Meet the fifth-grade artist who designed Bishop Jenky’s 2018 Christmas card
She may only be a fifth-grader at St. Mark School in Peoria, but Isabella Schmillen is no novice when it comes to art.
Anyone who received a Christmas card from Bishop Daniel R. Jenky, CSC, has seen her drawing of the Nativity, which put Jesus, Mary and Joseph under a sky filled with gold stars. And during Catholic Schools Week, volunteers and community members received cards of thanks with her rendering of St. Mark Church on the cover.
While winning the bishop’s Christmas card contest was an unexpected honor, Isabella’s artistic abilities come as no surprise to her mother.
“She’s been drawing since she’s been small,” said Carrie Schmillen, who joined the St. Mark School staff as a reading enrichment teacher last fall. “When we home-schooled she would draw for hours in the afternoon.”
“My friends all said, ‘Congratulations.’ My grandma said, ‘I’m so happy!’ My teacher said, ‘We’ve got a celebrity in the class.’” — Isabella Schmillen
There may be something in her DNA, too.
Her father, Jeremiah Schmillen, is an artist who painted the mural on the building that houses Broken Tree, a pizza restaurant at the corner of Main and Sheridan in Peoria. The Schmillens own the business and the building.
“I don’t really paint. It’s more drawing,” Isabella said. “I like to draw superheroes. I like to imagine them and then draw them.”
They’re all different, but they’re all girls, she told The Catholic Post.
“ALWAYS LOVE GOD”
“We’ve always made sure she’s gotten to see a lot of art,” Carrie said. “We’ve taken her to Chicago. We go to the library. And being a teacher I have tons and tons of books, so she’s studied different styles.”
That came in handy when the Office of Catholic Schools for the Diocese of Peoria announced the contest to design the cover of Bishop Jenky’s Christmas card. Carrie said Isabella knew what she wanted to do right away.
The young artist asked for blue paper, red paper and a gold pen, and her father took her to a craft store to buy what she needed.
“I was kind of debating about doing Mary or a Nativity,” Isabella said. “I decided to do a Nativity with lots of flowers instead of putting them in a barn.”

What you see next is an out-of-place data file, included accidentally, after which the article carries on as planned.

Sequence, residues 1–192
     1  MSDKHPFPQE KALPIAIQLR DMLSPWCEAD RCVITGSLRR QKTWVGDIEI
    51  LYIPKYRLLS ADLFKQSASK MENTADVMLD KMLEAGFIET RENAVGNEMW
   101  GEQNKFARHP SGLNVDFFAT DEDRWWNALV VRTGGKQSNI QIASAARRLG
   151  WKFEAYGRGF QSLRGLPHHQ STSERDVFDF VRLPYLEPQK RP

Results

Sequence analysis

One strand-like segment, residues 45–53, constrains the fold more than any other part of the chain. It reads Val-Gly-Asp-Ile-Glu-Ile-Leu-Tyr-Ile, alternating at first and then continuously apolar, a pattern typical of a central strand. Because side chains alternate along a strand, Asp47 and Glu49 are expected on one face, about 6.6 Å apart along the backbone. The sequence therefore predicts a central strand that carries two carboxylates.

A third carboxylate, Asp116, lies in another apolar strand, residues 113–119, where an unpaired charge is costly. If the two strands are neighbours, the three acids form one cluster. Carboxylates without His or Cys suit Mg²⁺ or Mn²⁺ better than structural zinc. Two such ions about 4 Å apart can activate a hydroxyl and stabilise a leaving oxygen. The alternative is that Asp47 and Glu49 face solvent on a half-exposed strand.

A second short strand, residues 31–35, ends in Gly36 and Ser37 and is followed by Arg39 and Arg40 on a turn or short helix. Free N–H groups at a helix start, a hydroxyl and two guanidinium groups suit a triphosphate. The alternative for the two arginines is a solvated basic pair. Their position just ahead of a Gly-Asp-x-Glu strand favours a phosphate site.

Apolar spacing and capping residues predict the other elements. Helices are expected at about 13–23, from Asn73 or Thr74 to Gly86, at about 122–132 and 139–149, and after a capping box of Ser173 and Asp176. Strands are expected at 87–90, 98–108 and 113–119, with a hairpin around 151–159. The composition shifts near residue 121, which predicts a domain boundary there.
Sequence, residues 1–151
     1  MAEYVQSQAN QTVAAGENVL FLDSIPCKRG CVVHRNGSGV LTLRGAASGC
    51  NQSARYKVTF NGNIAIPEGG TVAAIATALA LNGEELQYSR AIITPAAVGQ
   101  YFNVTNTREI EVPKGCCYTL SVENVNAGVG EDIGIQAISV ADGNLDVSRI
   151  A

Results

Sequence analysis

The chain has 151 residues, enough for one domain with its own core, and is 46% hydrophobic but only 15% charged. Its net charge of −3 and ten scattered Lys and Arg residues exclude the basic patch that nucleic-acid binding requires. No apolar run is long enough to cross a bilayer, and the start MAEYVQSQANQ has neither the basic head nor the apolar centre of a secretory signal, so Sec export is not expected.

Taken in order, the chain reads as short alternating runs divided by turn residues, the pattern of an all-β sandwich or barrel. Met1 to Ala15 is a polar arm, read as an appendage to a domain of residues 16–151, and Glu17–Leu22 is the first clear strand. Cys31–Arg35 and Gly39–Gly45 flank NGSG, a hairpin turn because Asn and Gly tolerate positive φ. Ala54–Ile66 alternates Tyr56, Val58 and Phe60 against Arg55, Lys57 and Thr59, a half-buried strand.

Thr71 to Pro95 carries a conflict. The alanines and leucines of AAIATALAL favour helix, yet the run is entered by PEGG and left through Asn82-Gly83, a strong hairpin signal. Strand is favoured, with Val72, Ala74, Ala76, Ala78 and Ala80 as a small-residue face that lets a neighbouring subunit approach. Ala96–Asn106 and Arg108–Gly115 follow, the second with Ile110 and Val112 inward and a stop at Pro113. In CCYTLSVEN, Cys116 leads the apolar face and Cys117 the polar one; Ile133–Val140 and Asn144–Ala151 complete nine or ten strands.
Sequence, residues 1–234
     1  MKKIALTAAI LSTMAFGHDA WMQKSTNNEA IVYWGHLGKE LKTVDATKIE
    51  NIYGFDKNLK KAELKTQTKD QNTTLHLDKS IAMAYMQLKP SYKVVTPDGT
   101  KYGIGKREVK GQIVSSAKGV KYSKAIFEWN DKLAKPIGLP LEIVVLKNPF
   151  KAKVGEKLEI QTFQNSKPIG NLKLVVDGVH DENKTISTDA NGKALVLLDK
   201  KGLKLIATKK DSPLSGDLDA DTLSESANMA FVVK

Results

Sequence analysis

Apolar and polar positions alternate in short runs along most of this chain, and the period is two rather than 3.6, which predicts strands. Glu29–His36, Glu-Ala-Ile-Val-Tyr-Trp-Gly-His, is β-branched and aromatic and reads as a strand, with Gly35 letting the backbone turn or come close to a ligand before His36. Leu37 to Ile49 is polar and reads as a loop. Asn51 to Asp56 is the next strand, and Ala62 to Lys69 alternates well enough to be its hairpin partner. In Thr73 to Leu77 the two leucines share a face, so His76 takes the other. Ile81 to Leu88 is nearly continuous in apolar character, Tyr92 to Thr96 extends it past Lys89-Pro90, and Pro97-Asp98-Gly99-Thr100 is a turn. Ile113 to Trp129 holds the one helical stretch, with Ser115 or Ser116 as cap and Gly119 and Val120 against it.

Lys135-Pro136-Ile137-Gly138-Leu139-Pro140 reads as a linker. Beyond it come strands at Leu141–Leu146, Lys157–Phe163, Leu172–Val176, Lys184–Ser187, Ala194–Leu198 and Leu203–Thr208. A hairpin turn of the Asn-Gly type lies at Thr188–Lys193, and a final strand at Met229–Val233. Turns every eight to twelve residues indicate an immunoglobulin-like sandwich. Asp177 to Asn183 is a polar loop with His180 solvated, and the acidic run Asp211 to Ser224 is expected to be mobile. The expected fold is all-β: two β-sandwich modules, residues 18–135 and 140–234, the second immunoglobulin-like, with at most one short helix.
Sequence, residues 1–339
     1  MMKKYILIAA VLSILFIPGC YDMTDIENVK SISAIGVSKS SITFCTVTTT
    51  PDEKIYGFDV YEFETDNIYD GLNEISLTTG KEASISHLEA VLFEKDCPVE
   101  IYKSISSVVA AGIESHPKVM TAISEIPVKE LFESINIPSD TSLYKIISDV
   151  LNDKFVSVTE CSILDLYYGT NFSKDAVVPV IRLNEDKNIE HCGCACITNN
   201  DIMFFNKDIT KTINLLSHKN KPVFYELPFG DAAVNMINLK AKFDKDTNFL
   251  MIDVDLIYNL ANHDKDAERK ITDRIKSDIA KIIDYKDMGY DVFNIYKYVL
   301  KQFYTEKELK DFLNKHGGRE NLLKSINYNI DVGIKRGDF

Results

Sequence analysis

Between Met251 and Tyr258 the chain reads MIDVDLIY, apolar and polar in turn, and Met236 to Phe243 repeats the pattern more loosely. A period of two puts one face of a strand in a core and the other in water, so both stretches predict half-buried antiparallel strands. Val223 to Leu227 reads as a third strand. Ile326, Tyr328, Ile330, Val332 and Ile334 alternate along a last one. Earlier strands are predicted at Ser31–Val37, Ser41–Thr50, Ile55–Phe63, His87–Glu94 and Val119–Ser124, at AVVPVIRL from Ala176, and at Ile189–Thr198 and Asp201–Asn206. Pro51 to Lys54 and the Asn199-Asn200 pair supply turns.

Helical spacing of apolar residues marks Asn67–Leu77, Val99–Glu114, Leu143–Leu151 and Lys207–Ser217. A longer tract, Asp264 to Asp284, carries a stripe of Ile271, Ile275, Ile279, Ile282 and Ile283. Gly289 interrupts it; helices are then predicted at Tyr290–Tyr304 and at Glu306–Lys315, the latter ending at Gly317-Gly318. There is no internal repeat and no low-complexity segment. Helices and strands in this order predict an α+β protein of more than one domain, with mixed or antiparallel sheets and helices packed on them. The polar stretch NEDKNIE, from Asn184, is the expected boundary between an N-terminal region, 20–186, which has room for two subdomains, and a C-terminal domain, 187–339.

She drew the figures of the Holy Family and the main star first, using the gold pen. Then she cut them out and pasted them on the blue paper. She finished the card by pasting strips of red paper around the edges and writing the Christmas story on them in gold ink.
While the evangelists did a nice job with the Gospel accounts of Jesus’ birth, Isabella’s imagery of how the angels sang and danced and rejoiced ramps up the joy to another level.
On the back of the artwork she wrote (in gold pen, of course): “One thing you should never forget. Never forget to always love God.”
The announcement that her design had been selected came during a school assembly.
“I was really excited and a little bit surprised,” Isabella said. “My friends all said, ‘Congratulations.’ My grandma said, ‘I’m so happy!’ My teacher said, ‘We’ve got a celebrity in the class.’”
Carrie Schmillen said that support from the school community helped to make Isabella’s success possible.
“I feel like this school and the atmosphere has drawn out her artistic ability,” she said.
Carrie taught first, second and third grades in Peoria Public Schools for 10 years before taking six years off when her youngest child, Eli, was born. She home-schooled Isabella, Eli, who is in kindergarten, and Madeleine, who is in fourth grade, until last fall when they became the fifth generation of the Schmillen family to attend St. Mark School.
She was worried about the girls coming in at a later age, but realizes now she didn’t have to.
“It was immediate friends. As soon as they sat down the kids welcomed them into the group and it was very comforting,” Carrie said.
As for Isabella, art isn’t the only thing that lights her up. She has always been drawn to the Bible and has already read all the books on saints that director of religious education Terry Mischler has.
She also likes to learn about animals, biology and DNA, and hasn’t ruled out being a science teacher. Or an art teacher. Or a nun who runs an orphanage.
“I don’t know which way she’s going to go,” Carrie said.